Under civil rights law, school officials must act to curb harassment of students off campus and after school, including cyberbullying, declares a “Dear Colleague” from the Education Department. From the Daily Caller:
“Harassing conduct may take many forms, including verbal acts and name-calling; graphic and written statements, which may include use of cell phones or the Internet… it does not have to include intent to harm, be directed at a specific target, or involve repeated incidents [but] creates a hostile environment … [which can] limit a student’s ability to participate in or benefit from the services, activities, or opportunities offered by a school,” according to the far-reaching letter, which was completed Oct. 26 by Russlynn Ali, who heads the agency’s civil rights office.
School officials will face lawsuits even when they are ignorant about students’ statements, if a court later decides they “reasonably should have known” about their students’ conduct, said the statement.
. . . “The school may need to provide training or other interventions not only for the perpetrators, but also for the larger school community, to ensure that all students, their families, and school staff can recognize harassment if it recurs and know how to respond… [and] provide additional services to the student who was harassed in order to address the effects of the harassment,” said the letter.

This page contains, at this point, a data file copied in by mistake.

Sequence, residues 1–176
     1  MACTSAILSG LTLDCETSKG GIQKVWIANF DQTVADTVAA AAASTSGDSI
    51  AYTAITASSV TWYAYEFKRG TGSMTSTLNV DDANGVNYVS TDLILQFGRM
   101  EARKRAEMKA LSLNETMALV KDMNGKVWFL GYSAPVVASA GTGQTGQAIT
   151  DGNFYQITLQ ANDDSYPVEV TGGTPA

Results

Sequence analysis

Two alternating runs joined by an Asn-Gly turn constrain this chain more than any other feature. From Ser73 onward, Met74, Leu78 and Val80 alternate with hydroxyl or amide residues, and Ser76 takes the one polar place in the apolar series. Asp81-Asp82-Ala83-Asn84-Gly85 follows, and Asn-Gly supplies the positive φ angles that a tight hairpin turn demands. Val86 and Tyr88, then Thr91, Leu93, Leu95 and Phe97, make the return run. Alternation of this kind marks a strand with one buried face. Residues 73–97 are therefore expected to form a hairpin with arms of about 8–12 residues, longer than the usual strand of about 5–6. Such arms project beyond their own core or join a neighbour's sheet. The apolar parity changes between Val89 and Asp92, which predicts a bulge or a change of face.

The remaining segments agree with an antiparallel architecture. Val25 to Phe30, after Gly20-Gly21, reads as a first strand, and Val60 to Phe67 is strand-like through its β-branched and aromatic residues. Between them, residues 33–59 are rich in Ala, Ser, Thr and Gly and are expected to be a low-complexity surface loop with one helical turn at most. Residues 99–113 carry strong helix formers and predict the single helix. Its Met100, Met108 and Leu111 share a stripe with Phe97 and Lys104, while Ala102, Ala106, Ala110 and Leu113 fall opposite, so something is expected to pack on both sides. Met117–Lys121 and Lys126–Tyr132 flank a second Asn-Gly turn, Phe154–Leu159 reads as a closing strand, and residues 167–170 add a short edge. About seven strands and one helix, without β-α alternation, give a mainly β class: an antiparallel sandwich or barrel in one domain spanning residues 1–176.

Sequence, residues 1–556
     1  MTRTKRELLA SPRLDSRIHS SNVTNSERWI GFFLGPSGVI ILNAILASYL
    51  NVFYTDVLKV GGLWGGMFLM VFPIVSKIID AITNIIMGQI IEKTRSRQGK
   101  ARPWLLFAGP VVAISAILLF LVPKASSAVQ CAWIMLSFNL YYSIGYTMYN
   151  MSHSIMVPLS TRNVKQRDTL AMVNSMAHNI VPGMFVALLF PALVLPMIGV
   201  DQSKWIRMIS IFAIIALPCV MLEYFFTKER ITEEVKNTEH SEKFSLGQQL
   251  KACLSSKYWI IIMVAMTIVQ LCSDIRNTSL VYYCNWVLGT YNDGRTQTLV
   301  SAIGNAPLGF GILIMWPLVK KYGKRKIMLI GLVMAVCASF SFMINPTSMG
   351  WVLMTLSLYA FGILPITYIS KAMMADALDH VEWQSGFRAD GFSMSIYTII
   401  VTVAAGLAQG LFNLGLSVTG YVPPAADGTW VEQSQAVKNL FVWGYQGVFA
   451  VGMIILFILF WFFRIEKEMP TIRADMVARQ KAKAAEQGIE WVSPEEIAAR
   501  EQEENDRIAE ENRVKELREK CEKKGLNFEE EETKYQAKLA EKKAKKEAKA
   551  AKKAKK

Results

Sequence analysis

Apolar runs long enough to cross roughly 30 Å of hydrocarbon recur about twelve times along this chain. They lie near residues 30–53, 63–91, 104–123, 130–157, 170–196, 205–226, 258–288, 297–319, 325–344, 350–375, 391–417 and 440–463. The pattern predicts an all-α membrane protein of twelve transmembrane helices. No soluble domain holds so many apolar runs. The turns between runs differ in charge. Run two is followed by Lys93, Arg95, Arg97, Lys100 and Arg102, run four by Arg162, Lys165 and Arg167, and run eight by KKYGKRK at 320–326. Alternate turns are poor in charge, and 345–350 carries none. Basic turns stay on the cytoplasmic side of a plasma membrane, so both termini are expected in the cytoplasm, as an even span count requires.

Facebook is adding a feature that will let users “report content to someone in their support system (like a parent or teacher),” Facebook announced March 11 after the White House conference on school bullying. Presumably some children will report perceived harassment to a teacher or principal, making the school responsible for doing something about it.
The National School Board Association objects to expanding schools’ ‘legal risks,” reports Reason.
The remedies being pushed by administration officials will also violate students’ and families’ privacy rights, disregard student’s constitutional free-speech rights, spur expensive lawsuits against cash-strapped schools, and constrict school official’ ability to flexibly use their own anti-bullying policies to manage routine and unique issues, said the NSBA letter.
School officials have a responsibility to protect students from bullying and harassment when they’re in school. Making that a 24/7 obligation . . . It’s too much to ask.
Update: Rep. Jackie Speier, a California Democrat, plans to introduce legislation requiring schools that receive federal aid to report bullying to the federal government and specify whether disabled students were involved.